If you set 4º or so of tilt and f5.6 or f8 you would have much less diffraction and everything in the image would be pin sharp.

That's a lot of tilt.  Typically for shooting at eye level I'm using .5-1 degree of tilt.   With regard to this specific image it looks like the initial focus was way too close as well.  I'll often use infinity or hyperfocal focusing and use tilt to draw the in-focus areas closer. 

YMMV, but that's how I do it :)

The OP said his "elbows were on the ground" this would put the camera 10"-12" (approx) from the plane of focus. As per tilt tables a 17mm at 10" from the J point needs 3.9º of tilt.

I would focus at infinity, actually the hills, not past them as can be done with the TS-E's (and many other Canon lenses), and then tilt to the foreground, it will be close to 4º.

 I agree, at average standing eye level .5º of tilt is all that is needed to put the plane of focus on the ground.
Too often we lose sight of the fact that photography is about capturing light, if we have the ability to take control of that light then we grow exponentially as photographers. More often than not the image is not about lens speed, sensor size, MP's or AF, it is about the light.

JClark

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Re: Tilt/Shift vs UWA for Landscape DOF
« Reply #5 on: June 16, 2015, 11:23:22 AM »
Yes the TS-E tilted would sharpen up the boat, actually it would sharpen up the entire picture.

If you set 4º or so of tilt and f5.6 or f8 you would have much less diffraction and everything in the image would be pin sharp.

That's a lot of tilt.  Typically for shooting at eye level I'm using .5-1 degree of tilt.   With regard to this specific image it looks like the initial focus was way too close as well.  I'll often use infinity or hyperfocal focusing and use tilt to draw the in-focus areas closer.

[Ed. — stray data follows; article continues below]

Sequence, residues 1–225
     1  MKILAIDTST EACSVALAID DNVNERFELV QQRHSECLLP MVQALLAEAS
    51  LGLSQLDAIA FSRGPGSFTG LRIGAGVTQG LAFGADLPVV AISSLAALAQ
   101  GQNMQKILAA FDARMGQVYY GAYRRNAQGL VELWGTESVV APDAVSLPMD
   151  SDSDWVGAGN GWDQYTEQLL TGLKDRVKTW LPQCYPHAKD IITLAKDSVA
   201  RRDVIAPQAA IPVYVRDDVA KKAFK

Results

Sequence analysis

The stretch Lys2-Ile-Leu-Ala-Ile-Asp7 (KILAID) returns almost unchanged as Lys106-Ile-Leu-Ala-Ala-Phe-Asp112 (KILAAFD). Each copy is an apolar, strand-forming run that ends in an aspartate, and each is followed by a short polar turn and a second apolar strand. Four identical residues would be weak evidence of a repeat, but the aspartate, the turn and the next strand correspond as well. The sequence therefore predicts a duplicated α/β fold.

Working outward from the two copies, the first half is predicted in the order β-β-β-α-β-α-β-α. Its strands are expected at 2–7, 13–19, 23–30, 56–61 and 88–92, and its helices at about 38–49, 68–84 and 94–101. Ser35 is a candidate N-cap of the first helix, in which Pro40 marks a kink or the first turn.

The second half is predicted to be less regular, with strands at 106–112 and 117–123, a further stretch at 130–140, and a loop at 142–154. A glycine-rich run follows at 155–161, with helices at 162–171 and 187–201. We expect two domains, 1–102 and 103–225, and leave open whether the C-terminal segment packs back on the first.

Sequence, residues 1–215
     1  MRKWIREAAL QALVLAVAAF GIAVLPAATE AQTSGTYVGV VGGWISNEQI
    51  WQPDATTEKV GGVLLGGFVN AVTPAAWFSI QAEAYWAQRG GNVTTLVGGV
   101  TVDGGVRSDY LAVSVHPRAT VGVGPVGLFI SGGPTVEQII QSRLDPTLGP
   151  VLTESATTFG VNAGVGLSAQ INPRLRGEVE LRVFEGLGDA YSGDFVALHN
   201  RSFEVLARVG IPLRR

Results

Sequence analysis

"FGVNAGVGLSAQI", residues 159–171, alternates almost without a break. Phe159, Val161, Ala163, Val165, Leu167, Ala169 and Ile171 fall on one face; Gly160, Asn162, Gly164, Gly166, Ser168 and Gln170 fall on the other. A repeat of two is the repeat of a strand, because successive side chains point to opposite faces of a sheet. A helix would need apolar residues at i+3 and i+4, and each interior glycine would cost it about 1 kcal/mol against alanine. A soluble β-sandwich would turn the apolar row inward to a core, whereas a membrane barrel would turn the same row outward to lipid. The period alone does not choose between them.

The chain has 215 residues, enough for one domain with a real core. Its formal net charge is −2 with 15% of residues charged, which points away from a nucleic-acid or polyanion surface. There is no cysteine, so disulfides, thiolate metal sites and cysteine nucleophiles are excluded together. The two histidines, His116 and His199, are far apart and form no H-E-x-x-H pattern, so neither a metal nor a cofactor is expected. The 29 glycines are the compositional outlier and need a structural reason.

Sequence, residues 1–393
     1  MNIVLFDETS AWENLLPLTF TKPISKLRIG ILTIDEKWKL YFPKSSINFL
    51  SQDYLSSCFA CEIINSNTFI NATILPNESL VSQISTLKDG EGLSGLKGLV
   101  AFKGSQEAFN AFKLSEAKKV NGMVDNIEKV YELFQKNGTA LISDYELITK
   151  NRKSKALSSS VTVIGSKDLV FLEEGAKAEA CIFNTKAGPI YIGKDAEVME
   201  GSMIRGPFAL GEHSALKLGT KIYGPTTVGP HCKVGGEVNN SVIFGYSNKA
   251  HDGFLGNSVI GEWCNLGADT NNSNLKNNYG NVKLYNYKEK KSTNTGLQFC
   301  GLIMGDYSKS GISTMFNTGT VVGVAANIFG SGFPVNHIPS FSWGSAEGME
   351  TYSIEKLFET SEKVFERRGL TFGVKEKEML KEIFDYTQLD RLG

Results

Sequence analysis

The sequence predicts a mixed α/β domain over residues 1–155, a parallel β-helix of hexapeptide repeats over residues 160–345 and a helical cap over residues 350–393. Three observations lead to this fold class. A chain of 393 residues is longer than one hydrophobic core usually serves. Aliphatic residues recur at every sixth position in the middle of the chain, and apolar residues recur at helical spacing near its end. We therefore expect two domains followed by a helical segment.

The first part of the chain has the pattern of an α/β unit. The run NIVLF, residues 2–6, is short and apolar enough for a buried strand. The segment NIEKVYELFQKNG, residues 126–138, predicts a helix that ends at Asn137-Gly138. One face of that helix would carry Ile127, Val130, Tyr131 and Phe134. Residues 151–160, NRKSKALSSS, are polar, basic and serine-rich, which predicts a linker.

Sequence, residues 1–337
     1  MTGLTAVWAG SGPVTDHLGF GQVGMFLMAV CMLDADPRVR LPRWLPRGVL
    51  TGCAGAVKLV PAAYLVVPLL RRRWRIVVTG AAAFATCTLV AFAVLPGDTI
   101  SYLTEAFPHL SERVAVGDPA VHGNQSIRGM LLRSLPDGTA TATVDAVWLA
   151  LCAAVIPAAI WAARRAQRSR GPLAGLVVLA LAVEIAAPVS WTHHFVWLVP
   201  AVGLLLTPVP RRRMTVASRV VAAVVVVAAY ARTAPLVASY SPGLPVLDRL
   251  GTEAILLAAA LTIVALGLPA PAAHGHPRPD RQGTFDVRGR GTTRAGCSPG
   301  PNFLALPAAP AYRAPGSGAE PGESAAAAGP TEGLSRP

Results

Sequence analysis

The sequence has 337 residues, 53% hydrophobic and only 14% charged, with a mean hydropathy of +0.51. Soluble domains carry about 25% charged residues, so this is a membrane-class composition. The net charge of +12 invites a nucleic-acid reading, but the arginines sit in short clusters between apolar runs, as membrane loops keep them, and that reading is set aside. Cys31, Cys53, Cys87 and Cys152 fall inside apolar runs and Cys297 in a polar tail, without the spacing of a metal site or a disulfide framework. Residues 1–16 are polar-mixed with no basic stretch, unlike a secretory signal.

YMMV, but that's how I do it :)

The OP said his "elbows were on the ground" this would put the camera 10"-12" (approx) from the plane of focus. As per tilt tables a 17mm at 10" from the J point needs 3.9º of tilt.

I would focus at infinity, actually the hills, not past them as can be done with the TS-E's (and many other Canon lenses), and then tilt to the foreground, it will be close to 4º.

 I agree, at average standing eye level .5º of tilt is all that is needed to put the plane of focus on the ground.

Ah.. so he did.  Well ok then!  Everyone is on the same page :)

bluenoser1993

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Re: Tilt/Shift vs UWA for Landscape DOF
« Reply #6 on: June 16, 2015, 12:38:17 PM »
Thanks for the input.  For this picture I probably did focus too close, I'll dig through the hard drive to find it and see where focus was.  I have other samples where I was using 40mm and didn't really get anything sharp except a shore line about 1000m away.  Faces in the foreground were shadowed mind you, but softer than they could have been.  I do think I'd enjoy the challenge of tilt/shift, but want my expectations realistic.  last thing I want is to be disappointed given the cost.

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Re: Tilt/Shift vs UWA for Landscape DOF
« Reply #6 on: June 16, 2015, 12:38:17 PM »